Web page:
Researchers from ETH Zurich, which is a University in Switzerland, have been looking into the possible causes of the recent (past 10-15 years) slowdown in global temperature rise.
NASA global temperature anomaly analysis, which also shows major volcanic eruptions and ENSO changes bottom (red El Nino, blue La Nina)
The scientific team, led by Reto Knutti, a professor of Climate Physics, has for the first time systematically examined all current hypotheses in regards to the leveling off of the global temperature rise.
El Nino and La Nina
El Nino years typically lead to warmer global temperatures, while the opposite is true for La Nina. Why 1998 was so warm had a lot to do with the super El Nino of 1997/98. Recently, we have experienced more La Nina's compared to El Nino and these natural variations would certainly explain a large part of the reduced warming rate. However, even though climate models do take El Nino/La Nina into account it is almost impossible to predict what year in the long term that there will be an El Nino or a La Nina.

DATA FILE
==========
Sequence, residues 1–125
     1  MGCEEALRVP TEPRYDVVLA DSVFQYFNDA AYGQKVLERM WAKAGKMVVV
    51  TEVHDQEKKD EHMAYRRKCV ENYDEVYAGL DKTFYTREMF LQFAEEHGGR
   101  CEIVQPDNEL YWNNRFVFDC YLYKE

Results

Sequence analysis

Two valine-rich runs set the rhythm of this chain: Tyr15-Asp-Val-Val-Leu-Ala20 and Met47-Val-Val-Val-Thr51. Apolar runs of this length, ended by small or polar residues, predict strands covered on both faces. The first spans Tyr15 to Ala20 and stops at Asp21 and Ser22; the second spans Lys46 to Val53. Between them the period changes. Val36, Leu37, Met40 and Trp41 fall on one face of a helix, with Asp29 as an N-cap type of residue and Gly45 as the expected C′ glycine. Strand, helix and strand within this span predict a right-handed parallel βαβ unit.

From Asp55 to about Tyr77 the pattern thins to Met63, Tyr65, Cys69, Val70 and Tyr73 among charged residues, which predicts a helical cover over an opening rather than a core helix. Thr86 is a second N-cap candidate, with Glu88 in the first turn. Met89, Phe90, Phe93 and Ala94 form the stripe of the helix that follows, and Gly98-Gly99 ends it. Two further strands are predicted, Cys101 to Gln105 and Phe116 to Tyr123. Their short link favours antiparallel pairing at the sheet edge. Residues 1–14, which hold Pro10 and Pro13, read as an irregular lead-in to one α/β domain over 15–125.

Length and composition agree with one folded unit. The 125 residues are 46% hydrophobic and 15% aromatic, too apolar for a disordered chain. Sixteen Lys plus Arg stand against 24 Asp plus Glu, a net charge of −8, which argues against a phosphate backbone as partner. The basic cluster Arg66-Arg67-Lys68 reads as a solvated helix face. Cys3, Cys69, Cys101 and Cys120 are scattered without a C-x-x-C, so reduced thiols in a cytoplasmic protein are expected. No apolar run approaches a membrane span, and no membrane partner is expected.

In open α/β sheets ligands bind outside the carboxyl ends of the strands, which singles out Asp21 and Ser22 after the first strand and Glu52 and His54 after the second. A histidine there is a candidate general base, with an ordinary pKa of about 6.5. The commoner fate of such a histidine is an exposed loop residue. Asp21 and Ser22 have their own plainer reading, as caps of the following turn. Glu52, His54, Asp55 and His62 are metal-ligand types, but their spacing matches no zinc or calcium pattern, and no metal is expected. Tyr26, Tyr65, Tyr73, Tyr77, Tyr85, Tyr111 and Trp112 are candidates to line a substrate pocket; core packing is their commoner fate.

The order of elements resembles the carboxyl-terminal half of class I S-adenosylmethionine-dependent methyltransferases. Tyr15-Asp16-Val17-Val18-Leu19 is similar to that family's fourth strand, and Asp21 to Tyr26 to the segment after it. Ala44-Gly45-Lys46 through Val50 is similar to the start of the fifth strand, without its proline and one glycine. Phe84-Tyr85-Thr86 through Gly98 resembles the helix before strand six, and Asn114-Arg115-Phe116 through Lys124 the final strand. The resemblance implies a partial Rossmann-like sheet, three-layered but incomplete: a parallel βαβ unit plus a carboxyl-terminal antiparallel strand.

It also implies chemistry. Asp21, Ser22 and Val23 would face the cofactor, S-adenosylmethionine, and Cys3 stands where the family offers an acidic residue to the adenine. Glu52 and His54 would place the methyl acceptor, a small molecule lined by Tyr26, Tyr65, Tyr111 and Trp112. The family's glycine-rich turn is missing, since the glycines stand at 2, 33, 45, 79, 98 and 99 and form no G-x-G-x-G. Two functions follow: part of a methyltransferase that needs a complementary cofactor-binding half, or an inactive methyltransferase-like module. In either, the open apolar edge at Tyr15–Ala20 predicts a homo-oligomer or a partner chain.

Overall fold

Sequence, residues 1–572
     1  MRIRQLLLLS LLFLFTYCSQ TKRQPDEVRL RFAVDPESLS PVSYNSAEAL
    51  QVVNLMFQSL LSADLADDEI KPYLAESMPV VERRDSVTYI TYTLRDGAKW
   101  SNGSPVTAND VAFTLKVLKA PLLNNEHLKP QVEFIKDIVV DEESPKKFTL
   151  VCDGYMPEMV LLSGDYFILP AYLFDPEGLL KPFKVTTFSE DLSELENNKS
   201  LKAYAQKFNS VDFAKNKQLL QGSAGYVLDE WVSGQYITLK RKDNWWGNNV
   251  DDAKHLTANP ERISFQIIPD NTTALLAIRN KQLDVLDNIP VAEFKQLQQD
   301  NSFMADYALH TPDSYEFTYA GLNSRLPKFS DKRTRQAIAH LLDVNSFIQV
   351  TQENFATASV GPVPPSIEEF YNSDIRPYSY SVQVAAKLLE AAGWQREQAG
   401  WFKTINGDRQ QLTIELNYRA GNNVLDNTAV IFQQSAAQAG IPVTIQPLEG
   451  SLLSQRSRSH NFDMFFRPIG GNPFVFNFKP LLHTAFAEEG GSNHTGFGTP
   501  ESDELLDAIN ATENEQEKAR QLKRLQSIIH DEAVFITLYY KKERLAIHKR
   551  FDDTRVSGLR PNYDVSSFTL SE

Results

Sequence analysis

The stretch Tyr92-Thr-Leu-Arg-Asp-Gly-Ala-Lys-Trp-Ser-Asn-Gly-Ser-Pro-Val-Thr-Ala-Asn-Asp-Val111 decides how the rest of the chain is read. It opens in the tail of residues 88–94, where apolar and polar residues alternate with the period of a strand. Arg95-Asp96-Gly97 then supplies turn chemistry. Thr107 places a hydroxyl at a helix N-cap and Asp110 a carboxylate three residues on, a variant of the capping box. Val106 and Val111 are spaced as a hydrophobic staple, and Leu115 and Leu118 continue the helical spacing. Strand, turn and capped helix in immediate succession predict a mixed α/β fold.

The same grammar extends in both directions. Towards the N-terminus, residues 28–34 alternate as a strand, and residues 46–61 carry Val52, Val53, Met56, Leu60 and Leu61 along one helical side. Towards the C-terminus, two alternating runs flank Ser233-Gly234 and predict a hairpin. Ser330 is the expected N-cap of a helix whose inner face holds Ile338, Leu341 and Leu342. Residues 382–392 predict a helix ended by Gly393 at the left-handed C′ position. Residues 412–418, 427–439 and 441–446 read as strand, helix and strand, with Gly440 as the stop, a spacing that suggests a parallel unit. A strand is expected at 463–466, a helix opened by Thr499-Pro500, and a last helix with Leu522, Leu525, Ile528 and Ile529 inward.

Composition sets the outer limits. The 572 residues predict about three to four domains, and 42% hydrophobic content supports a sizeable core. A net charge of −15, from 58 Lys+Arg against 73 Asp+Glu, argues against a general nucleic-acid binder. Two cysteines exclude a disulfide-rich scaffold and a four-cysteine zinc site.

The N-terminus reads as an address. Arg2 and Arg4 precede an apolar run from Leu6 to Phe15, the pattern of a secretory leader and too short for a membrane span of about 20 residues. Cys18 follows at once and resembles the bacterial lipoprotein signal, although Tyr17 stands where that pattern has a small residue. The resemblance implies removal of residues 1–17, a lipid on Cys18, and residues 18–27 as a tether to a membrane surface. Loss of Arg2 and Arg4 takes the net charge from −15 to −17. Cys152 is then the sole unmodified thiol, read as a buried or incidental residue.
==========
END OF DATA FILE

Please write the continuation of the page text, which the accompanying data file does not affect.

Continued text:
Solar cycles and volcanic eruptions
The team found that the solar irradiance has been weaker than predicted over the past few years and that the last period of weak solar irradiance has lasted 13 years compared to the normal 11-year cycle. The combination of reduced irradiance and the increase in volcanic eruptions such as the one in Iceland back in 2010, which have increased the amount of light reflecting aerosols in the atmosphere is likely the second leading cause of the warming slowdown.
Measured data and model data
The researchers found that measured temperature data over the past 16 years is likely to be too low, since global average temperature is only estimated using values obtained from weather stations on the ground, and that these do not exist everywhere on the planet.
Much of the Arctic has become much warmer over recent years, but since there are hardly any stations in that region the specified global average temperature is too low, according to the ETH Zurich report.
Some researchers propose using satellite data to estimate temperatures where there are no stations. If the model data is corrected downwards as proposed by the ETH researchers and the measured data is corrected upwards, then the model and actual observations are very similar, according to the report.
Climate still will become much warmer in the long term
Knutti believes that despite the short-term climate fluctuations, which can be easily explained, the more rapid global warming rate will resume once again as soon as solar activity, aerosol concentration and El Nino activity return to the values of previous decades.
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